More drug-related cash and property up for forfeiture
B.C.’s busy Civil Forfeiture Office wants to seize more cash, cell phones and a car nabbed by Campbell River Mounties during drug investigations.
The office never sends out news releases about impending seizures, just random legal notices in local papers. In the Feb. 12 edition of MidWeek, the office posted two notices. The first involved a drug investigation that occurred March 23-24, 2013, in the 80 block of Jones Rd. Items seized, now up for forfeiture, include $5,882.89 in cash, two iPhones and two Nokia phones. The other notice involved a Dec. 11, 2013, drug investigation in the 1600 block of Croation Rd. Items up for forfeiture include a 1997 Mercury Mystique, $805 in cash and a LG cell phone.
After the notices were published, the property owners had 60 days to dispute the forfeiture.
The B.C. forfeiture law has been in effect since 2006, but was seldom used in Campbell River until recently. Last year, the office announced its intention to seize a 2003 Infiniti QX4 along with $11,690 in cash as a result of two drug investigations carried out Oct. 23, 2013, in the 1800 block of Nunns Rd. and in the 700 block South Island Hwy. In 2010, the law was used to seize a notorious crack house in Campbellton on 19th Avenue. The property was later sold and the old house demolished.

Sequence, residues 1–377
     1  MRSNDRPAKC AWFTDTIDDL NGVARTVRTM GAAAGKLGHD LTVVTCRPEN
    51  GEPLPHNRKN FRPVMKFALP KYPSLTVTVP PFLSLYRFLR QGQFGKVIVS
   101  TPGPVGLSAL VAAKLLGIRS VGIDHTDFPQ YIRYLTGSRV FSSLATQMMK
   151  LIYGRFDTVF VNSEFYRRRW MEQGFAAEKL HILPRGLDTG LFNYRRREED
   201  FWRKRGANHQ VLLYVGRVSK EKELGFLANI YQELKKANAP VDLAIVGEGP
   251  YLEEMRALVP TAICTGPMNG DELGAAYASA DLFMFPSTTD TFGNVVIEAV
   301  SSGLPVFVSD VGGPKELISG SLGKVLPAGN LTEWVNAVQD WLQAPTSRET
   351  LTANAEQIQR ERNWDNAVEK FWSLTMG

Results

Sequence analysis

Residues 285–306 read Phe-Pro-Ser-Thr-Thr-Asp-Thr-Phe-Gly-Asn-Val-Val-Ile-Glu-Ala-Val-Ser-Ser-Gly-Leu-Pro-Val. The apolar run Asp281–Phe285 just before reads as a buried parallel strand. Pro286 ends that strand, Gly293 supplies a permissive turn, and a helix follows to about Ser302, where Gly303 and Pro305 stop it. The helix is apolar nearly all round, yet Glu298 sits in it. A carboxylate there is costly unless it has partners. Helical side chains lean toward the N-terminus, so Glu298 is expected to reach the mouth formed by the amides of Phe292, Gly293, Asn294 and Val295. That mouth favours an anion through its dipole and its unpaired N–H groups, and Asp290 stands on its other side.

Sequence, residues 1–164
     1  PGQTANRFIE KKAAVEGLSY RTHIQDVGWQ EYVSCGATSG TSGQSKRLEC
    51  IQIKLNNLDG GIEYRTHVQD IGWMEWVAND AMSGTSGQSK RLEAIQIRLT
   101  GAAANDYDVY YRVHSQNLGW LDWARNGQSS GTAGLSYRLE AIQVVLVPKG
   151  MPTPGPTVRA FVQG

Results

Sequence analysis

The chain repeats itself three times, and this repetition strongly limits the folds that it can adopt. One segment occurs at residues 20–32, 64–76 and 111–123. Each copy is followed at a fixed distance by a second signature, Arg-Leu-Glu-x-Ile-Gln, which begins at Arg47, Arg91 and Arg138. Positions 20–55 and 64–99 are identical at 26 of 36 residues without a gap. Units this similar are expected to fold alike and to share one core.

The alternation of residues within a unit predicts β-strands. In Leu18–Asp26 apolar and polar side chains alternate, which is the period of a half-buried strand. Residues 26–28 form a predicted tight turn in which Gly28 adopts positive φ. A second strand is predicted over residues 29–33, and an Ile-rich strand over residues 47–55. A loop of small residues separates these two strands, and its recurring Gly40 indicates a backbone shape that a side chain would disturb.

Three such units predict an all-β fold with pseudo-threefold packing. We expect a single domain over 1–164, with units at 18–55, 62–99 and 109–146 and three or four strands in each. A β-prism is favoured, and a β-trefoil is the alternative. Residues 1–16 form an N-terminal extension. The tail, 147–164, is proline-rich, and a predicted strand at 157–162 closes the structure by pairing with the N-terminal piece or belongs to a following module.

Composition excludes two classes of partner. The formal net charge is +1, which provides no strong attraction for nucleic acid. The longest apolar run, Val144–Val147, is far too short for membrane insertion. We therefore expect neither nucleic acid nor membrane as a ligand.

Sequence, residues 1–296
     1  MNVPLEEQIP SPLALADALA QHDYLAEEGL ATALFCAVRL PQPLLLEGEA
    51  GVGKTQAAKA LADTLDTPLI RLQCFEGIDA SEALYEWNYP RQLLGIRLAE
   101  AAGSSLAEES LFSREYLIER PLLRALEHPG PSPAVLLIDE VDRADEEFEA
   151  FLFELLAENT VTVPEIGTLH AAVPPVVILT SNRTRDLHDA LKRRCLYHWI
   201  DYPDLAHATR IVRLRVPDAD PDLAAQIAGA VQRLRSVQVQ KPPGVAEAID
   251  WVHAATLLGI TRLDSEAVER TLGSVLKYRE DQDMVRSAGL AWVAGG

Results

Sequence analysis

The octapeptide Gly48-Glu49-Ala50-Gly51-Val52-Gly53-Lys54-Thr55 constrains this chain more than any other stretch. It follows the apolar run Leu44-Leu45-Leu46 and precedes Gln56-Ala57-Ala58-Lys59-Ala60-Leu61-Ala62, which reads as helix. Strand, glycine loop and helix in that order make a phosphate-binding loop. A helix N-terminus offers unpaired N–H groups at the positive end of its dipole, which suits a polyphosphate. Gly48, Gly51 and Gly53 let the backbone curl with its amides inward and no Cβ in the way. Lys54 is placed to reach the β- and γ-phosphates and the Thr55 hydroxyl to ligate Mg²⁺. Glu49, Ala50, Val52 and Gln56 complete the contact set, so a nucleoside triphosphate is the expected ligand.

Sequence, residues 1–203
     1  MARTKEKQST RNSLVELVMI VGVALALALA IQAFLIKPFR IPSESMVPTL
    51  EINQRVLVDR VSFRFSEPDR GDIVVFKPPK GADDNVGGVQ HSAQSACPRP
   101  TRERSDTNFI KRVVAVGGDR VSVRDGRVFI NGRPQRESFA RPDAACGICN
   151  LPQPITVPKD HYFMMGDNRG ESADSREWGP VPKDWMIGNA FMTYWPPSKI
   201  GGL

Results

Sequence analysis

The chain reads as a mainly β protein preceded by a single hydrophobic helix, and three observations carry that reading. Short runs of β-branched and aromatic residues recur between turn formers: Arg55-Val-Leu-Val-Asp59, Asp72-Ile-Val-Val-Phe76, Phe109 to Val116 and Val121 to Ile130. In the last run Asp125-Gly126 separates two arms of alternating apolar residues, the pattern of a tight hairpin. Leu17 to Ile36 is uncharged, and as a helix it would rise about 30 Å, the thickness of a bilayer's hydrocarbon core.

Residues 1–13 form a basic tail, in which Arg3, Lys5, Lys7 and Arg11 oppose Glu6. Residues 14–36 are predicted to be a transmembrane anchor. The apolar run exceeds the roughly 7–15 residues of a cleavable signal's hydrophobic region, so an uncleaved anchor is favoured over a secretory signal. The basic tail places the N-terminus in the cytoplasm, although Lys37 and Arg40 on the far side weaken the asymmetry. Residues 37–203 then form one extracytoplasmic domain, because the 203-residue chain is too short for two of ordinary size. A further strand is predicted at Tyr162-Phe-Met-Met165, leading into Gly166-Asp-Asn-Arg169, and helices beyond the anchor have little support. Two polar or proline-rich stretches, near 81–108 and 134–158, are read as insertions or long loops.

In the last two years, the B.C. office has ramped up its operations, moving to seize millions of dollars in homes, property, cash and vehicles. This has also led to criticism because the office doesn’t require a court conviction to seize items seized by police. The provincial office even states on its website, “proceedings are not commenced in court, they are an administrative process.” Seized items then go up for bid at www.bcauction.ca
The B.C. Civil Liberties Association and the NDP are taking issue with the legislation, particularly in questionable seizures that don’t result in any charges, but are still subject to the Civil Forfeiture Act.
“Even the Ombudsperson has raised the issue and it is our hope that she will investigate further,” said MLA Kathy Corrigan, the NDP’s public safety critic. “While the intention of the civil forfeiture program as a tool in the fight against organized crime is positive, there have been a number of recent criticisms about the application of the law.”